Down with the ship

Fa­ther spent fi­nal min­utes search­ing for son be­fore SS Caribou sank

The Packet (Clarenville) - - EDITORIAL - BY DAVID JALA CAPE BRETON POST NORTH SYD­NEY

The sink­ing of the SS Caribou is rec­og­nized as a land­mark event in bring­ing the harsh re­al­ity of war home to peo­ple liv­ing on this side of the At­lantic Ocean.

The U-boat at­tack on the North Syd­ney to Port-auxBasques pas­sen­ger ferry was es­pe­cially per­sonal for the fam­i­lies of the 238 peo­ple, 137 of whom did not sur­vive, aboard the ill-fated ship.

“We were aware of what hap­pened when we were grow­ing up, but be­cause I didn’t know him I really didn’t miss him — it was only when I be­came a grand­fa­ther that I re­al­ized what we missed out on.”

- David Sey­mour

Broth­ers Ed­ward and David Sey­mour lost their ma­ter­nal grand­fa­ther and an un­cle when the ves­sel was tor­pe­doed and sunk off the New­found­land coast in the early morn­ing hours of Oct. 14, 1942.

Their grand­fa­ther was Elias Cof­fin. He was from Port-auxBasques, but his daugh­ter Mar­garet, who was mar­ried with chil­dren, lived on Purves Street in North Syd­ney, a short walk from the docks of the then busy sea­port.

Ed­ward, who was two years old when the Caribou was at­tacked, said that while his mother didn’t talk much about the tragic sink­ing, she would oc­ca­sion­ally share sto­ries about her fa­ther.

“Dur­ing my grow­ing up years in Syd­ney, where we moved to after the war, my mother said that when my grand­fa­ther was off duty when the Caribou was docked in North Syd­ney, he would walk up to our house and spend some time,” re­called Ed­ward, who lived most of his adult life in On­tario.

“On those oc­ca­sions he men­tioned that they were aware of the pres­ence of sub­marines along the route the ship took.”

His younger brother David lives in Syd­ney and is now a grand­fa­ther him­self. In fact, one of his own grand­sons shares the name Elias with his great-great­grand­fa­ther, who was just 56 years old when he went down with the ship.

“We were aware of what hap­pened when we were grow­ing up, but be­cause I didn’t know him I really didn’t miss him — it was only when I be­came a grand­fa­ther that I re­al­ized what we missed out on,” he said, while he sat at the kitchen ta­ble of his Whit­ney Pier res­i­dence look­ing through pa­pers con­tain­ing his fam­ily tree.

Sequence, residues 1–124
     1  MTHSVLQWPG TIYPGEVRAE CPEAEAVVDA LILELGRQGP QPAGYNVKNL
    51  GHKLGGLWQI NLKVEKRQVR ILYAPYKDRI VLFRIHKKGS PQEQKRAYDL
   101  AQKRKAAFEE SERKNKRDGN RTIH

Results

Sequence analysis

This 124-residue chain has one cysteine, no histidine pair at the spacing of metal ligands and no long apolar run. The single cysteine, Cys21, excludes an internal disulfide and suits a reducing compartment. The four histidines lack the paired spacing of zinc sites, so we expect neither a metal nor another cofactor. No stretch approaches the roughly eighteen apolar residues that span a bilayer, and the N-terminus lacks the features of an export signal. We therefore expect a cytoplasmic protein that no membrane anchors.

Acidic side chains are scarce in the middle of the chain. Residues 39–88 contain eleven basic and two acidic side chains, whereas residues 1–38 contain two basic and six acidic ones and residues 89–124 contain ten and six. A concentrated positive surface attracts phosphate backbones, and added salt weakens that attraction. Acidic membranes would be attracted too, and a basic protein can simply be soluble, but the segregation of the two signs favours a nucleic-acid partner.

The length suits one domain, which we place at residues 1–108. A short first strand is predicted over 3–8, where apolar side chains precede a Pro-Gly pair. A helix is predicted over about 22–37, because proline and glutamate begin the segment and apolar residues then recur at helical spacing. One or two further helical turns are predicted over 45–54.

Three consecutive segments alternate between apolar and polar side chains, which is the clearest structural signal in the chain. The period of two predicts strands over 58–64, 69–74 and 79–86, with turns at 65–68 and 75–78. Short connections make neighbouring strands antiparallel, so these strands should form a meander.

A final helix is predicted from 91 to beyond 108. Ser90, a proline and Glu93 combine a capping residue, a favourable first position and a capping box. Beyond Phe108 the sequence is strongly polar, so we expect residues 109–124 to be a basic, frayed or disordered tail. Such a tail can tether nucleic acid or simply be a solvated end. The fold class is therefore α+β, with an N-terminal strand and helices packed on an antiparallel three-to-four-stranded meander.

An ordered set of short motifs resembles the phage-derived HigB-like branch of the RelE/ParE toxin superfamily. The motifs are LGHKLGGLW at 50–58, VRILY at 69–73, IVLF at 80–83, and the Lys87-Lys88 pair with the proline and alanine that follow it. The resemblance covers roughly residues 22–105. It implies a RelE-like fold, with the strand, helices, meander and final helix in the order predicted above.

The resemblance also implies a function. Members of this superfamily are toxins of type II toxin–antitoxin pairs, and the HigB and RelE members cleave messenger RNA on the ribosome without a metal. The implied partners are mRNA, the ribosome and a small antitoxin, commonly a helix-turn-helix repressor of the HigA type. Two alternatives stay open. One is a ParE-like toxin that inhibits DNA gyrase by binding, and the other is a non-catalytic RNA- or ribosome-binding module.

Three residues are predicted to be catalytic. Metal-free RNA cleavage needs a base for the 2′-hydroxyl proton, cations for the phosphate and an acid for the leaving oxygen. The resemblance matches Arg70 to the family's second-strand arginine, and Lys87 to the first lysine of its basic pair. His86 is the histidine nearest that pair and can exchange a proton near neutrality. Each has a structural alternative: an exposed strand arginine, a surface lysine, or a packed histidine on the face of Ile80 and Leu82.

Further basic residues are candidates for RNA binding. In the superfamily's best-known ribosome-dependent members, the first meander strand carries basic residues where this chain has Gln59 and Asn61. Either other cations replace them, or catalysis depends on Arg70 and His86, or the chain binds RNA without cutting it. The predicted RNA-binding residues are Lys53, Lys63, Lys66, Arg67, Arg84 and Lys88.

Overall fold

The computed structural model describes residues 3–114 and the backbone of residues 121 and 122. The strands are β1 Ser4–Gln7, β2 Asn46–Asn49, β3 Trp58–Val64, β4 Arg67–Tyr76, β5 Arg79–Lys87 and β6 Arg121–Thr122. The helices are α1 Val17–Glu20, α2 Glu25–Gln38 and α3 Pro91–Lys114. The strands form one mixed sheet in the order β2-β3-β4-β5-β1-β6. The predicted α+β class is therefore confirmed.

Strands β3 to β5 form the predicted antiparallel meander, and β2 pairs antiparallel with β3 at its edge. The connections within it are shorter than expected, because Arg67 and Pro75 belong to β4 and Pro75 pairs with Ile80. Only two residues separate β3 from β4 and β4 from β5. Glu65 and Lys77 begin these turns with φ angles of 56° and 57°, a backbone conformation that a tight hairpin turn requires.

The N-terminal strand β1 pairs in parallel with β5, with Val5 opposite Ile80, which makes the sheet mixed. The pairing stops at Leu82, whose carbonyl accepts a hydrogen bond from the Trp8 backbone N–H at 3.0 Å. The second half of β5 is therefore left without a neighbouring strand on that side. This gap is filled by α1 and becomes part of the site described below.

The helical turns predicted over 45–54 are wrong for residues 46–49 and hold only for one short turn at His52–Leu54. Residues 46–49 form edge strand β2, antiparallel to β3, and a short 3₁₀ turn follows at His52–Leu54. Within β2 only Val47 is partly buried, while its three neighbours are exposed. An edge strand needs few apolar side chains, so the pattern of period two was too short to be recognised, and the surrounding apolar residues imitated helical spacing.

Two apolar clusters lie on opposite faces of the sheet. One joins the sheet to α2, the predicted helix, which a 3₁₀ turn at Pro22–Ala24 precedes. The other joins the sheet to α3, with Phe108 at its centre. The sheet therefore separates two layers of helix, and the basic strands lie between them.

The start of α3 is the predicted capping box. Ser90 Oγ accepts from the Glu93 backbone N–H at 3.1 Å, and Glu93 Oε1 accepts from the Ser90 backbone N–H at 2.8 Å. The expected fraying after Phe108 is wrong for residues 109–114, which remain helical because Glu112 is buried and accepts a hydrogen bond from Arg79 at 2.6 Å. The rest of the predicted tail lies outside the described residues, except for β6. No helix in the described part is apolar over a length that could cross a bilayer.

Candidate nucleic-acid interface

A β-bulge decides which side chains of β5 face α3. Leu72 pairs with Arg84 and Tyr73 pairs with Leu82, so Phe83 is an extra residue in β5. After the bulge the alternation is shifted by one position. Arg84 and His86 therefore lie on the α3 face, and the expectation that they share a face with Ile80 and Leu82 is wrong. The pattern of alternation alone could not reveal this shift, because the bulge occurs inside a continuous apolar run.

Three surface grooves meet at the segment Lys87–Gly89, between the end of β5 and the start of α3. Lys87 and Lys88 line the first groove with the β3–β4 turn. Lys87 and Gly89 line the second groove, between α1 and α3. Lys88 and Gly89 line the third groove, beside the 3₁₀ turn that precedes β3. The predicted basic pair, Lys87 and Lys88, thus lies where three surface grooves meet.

Elias, who served as the ship’s bo­sun, was not the only fam­ily mem­ber to per­ish in the tragedy. His el­dest son, Burt Cof­fin, also drowned when the Caribou sank some 20 nau­ti­cal miles south­west of Port aux Basques.

A glimpse into the fi­nal mo­ments of Elias Cof­fin’s life was ref­er­enced in the June 2000 is­sue of Down­homer magazine.

In the piece, sea­man John (Jack) Do­minie, who sur­vived the at­tack, gave the fol­low­ing ac­count of what he saw after the Caribou was tor­pe­doed.

“We didn’t get any warn­ing. Two o’clock I went in and took the wheel, and that’s where I was when we got tor­pe­doed,” he re­called in the Down­homer ar­ti­cle.

“I left the wheel and started to go down on the star­board side — I couldn’t see any­thing for steam. The lifeboats were all cov­ered in the steam, where it struck the en­gine room I sup­pose.

“I got to the star­board side and met the Bo’sun (Cof­fin) com­ing back, he said, ‘boys it’s no good for you to go over there, it is all tan­gled up,’ and he was ex­cited, he was look­ing for his young fella and he was all ex­cited.”

For his part, Ed­ward said he was un­able to un­earth much information about the fate of his un­cle Bert.

“Fam­ily lore has it that he was off duty at the time and in bed. The only thing I knew about him dur­ing my grow­ing up years was that peo­ple who were on the ship said that the last time they saw Elias Cof­fin, he was look­ing for his son Bert,” he re­called.

It may never be known if Cof­fin found his son be­fore the ves­sel broke in two and sank in the cold wa­ters of the North At­lantic.

But what is known is that the Cof­fin fam­ily was one of many on both sides of the Cabot Strait that suf­fered great losses in the Caribou disas­ter.

For Elias, his life at sea came full cir­cle when he went down with the ship. Seven­teen years ear­lier, Cof­fin was a mem­ber of the crew sent to Rot­ter­dam, Nether­lands to bring the newly built SS Caribou to Canada. That gave him the dis­tinc­tion of be­ing on both the ves­sel’s maiden voy­age and its fi­nal trip.

DAVID JALA/CAPE BRETON POST

Syd­ney res­i­dent David Sey­mour stud­ies some of the doc­u­men­ta­tion per­tain­ing to the sink­ing of the SS Caribou. Sey­mour’s grand­fa­ther, Elias Cof­fin, was a crewmem­ber on the New­found­land pas­sen­ger ferry that was tor­pe­doed and sunk by a Ger­man U-boat dur­ing the Sec­ond World War. Re­ports sug­gest Cof­fin spent his fi­nal mo­ments search­ing the ship for his el­dest son Bert, who was also a mem­ber of the crew.

David Sey­mour

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